I know he's little, but he (and I) thrive on routine and he loved doing school. Our biggest priorities are to continue with Math, progress with reading, expose him to great literature and poetry, continue to grow in faith, and learn manners, discipline and social skills while adapting to meet his developmental and sensory needs.

    I appreciate all thoughts! I'm happy to elaborate on my son's needs as well as what our homeschool and family situation currently looks like in any way helpful, and apologies if this post is a nonsensical mess!

    Welcome! None of this was a nonsensical mess. You gave us a concise introduction to a complex little person!

    Based on everything you shared including the family history for attention/anxiety/autism, my recommendation is to begin with Level C and teach as written, even in math. Adapt for his emerging fine-motor development by doing this:
    1) Omit the two fine-motor books used only in the 8-week review.
    2) Omit the animal coloring book. This will be too detailed.
    3) Omit Going on Eagerly, if necessary, or save this for later.

    Adapt for his bright, inquisitive mind by delving further into the existing studies of Level C. Animal habitats will provide excellent fodder for nature walks and trips to the zoo or nature preserve. You'll find tips for strengthening fine-motor skills at the front of the Curriculum Manual for Level C. Do these in his free time. You can find suggested supplies in the Level C Supply List via the link. Be sure to order the Read-Aloud Set or find these books from other sources to have on hand for reading and teaching in the order listed in the Curriculum Manual. The books coordinate with the targeted letters and sounds of the alphabet.

    - Plan to color hand-over-hand OR side-by-side. You outline the areas for him to color. He fills them in with a matching color. Use the correct colors for the item (e.g., red or green, not purple or black, for an apple). Teach the proper grip for a crayon, but do not overtax those little muscles. Keep the coloring and writing enjoyable. Mark exceptionally neat letters or coloring with a star. Keep him engaged, as if you are artists with an empty palette. "What color should we make this basket?"

    - Know that you will have plenty of read-alouds in Level C and Myself & Others Book One! These will give you mounds of excellent stories tied directly to what he is learning. If you suddenly find you need more after 4-5 weeks, you can choose from the read-aloud books in Level B.

    - Understand that if he is on the spectrum, he will need help with pragmatic language, comprehension, and some abstractions. We work on these through our Level C read-alouds. If he has difficulties attending, the internal cohesiveness of Level C will help! This is why we do not like to mix other levels with the highly cohesive Level C. You will see what I mean when you receive your daily planner.

    - Trust that we have addressed the asynchronous nature of autism and language-based needs. This is especially evident in Level C, in which we work on basics of number, alphabet, and fine-motor skills while providing rich content in animal studies and Aesop's fables! It will be good that some areas seem easy to him, as we do not want to stretch him too tightly. All works together in Level C -- both the easier elements and the more difficult, to produce the desired result of true linguistic readiness for reading and writing. (This is far more than phonetic or motor readiness.)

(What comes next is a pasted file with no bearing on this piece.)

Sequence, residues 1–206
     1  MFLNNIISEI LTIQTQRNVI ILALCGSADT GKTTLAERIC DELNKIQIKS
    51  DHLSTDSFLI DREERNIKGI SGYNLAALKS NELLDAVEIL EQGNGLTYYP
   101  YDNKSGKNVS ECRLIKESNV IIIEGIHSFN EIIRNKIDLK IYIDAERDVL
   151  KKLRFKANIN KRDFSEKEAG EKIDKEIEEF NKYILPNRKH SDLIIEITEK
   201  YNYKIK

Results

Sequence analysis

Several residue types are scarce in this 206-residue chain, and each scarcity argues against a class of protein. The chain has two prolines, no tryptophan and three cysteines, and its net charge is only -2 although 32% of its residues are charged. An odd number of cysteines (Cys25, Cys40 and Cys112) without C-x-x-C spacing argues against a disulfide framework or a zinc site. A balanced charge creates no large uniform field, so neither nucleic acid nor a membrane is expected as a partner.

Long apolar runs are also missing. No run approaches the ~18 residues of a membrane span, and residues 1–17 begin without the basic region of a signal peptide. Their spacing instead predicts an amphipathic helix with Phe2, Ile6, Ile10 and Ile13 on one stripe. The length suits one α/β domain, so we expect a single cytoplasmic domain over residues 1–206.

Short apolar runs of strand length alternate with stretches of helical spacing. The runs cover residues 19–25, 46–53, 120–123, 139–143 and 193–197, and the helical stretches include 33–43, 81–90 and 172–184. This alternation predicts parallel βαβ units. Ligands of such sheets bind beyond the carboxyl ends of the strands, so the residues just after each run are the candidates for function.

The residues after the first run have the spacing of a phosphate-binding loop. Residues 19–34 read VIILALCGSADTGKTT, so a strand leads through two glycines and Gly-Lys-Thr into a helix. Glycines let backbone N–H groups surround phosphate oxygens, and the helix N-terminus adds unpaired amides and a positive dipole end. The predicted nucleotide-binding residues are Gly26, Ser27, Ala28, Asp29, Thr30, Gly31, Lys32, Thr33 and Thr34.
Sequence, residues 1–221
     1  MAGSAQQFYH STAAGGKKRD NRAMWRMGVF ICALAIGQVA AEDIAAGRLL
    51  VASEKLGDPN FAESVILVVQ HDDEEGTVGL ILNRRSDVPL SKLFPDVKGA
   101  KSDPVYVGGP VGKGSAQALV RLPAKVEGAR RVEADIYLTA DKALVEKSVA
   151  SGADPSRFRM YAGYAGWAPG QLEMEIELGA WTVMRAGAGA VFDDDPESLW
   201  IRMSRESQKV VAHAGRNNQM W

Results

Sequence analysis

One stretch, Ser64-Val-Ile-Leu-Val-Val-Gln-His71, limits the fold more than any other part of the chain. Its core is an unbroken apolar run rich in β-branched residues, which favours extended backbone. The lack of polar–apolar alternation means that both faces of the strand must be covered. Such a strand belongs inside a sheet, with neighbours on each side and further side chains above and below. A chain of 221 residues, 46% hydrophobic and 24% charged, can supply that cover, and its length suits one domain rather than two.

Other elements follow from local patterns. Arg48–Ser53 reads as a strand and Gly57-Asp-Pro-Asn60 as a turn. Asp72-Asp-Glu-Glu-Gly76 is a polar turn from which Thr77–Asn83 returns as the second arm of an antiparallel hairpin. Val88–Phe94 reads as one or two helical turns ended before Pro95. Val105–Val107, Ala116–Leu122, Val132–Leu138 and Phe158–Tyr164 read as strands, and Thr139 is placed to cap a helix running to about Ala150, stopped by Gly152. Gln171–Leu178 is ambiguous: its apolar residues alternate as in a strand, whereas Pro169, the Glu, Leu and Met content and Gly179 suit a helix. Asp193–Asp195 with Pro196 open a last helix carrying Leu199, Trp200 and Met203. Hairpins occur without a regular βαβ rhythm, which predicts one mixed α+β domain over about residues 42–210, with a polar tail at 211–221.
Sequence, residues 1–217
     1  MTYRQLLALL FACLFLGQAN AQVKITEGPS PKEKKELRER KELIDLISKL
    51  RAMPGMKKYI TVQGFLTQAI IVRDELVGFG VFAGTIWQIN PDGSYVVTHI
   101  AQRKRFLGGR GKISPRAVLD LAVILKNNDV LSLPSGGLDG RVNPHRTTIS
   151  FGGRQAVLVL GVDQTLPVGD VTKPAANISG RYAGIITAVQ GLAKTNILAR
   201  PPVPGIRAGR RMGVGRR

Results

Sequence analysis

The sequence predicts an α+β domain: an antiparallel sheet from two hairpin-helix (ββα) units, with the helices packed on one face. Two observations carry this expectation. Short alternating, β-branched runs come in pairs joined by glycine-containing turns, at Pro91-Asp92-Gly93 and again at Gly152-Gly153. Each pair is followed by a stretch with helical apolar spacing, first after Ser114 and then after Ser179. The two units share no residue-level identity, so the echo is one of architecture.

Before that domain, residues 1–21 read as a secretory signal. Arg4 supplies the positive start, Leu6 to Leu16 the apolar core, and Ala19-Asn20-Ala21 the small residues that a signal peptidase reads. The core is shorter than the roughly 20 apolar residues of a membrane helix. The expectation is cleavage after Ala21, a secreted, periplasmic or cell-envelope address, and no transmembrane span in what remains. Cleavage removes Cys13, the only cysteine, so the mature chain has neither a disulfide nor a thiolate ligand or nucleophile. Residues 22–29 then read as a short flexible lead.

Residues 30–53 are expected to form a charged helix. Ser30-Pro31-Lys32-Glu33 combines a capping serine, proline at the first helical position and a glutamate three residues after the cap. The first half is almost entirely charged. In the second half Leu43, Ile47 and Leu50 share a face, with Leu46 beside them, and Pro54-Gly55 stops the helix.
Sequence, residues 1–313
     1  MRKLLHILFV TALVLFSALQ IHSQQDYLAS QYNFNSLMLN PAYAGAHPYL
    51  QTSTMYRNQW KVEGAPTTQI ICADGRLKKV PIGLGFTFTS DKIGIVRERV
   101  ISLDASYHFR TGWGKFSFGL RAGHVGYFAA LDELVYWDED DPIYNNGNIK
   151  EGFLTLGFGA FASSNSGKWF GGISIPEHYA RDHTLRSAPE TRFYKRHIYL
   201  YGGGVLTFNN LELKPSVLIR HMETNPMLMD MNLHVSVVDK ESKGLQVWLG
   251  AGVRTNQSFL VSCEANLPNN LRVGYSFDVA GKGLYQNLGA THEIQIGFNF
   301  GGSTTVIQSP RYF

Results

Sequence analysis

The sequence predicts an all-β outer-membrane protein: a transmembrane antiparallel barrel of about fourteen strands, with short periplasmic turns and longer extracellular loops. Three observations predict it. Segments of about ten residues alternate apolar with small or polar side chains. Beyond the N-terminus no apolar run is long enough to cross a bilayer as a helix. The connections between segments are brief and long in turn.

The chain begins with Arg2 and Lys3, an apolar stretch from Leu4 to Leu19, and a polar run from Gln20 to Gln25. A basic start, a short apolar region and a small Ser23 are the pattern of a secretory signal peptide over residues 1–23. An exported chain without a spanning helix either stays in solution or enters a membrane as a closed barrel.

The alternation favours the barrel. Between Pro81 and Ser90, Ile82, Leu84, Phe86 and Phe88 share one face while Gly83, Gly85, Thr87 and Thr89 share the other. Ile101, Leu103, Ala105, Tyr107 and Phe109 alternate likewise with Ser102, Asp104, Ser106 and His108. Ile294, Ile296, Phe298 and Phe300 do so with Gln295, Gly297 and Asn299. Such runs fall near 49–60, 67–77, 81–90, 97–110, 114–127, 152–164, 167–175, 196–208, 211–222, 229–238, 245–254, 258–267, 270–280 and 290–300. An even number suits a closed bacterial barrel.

- In Level C we're weaving language, alphabet, songs, and games into each lesson, so Level C is not overly taxing and is age appropriate. Gifted or bright children can sometimes be pushed too fast into academics without learning the love of play, the delight of words, and the joy of listening to a good story. Note: By the end of Level C, the child begins reading! We introduce FSR A (largely orally, if needed), so he can begin blending sounds into words as he is eager to do. In Level 1 he will see FSR A again, but by this time his fine-motor skills will have become stronger, so he can benefit from the full program.

    After you've taught Level C for a consistent 4-5 weeks, feel free to add something. Until then, I think you'll find a full day's worth of wonderful enrichment for your son as he gains good skills, increases his attention span, and finds his days filled with delightful stories!

    Feel free to follow up --

    Sample Lesson Plan Readiness Assessment Supply List Skills to Develop Animals, Alphabet, & Aesop Ages 4-5 (Chronological Age or Skill Level) Designed fo
    Last edited by cherylswope; 04-21-2022, 04:07 PM.


      Thank you so much, Cheryl! This is incredibly helpful and specific (you clearly know how to communicate to an autistic person).

      All of the above are reasons I'm so glad SC exists. You truly take into account the way our kids learn. Doing C was my gut reaction, but I was so worried about the fine motor. I just don't want him to get discouraged or too frustrated.

      I'm also glad to know that C specifically is a level where all the parts work together. And Niko has just gotten into Aesop's fables (an Usborne retelling) so he will love those for sure.

      Your reply seriously just led to a huge sigh of relief. His dad and I have felt so much like we are swimming upstream since we didn't have access to a lot of support as kids ourselves and most of our support system doesn't seem to get what it's like to live with, raise and teach an 'atypical' super intense kid. They just seem to think we aren't strict enough or he's weird because he spends so much time with me and wouldn't be if he went to preschool.

      I also just wanted to say that the design and layout of SC and MP more broadly, fits into my brain so much better than other curricula, I'm way less confused about teaching it. I think I am still trying to let it sink in that someone who understands and has been there has actually already done the work of designing this!


        As a follow up regarding pragmatic language... As someone on the spectrum myself, married to someone who has a somewhat unusual use of language, can Cheryl or anyone recommend resources to help us adults understand what pragmatic language is and teach/explain it's use and understanding? I looked at the Wikipedia article but didn't entirely grasp the concept.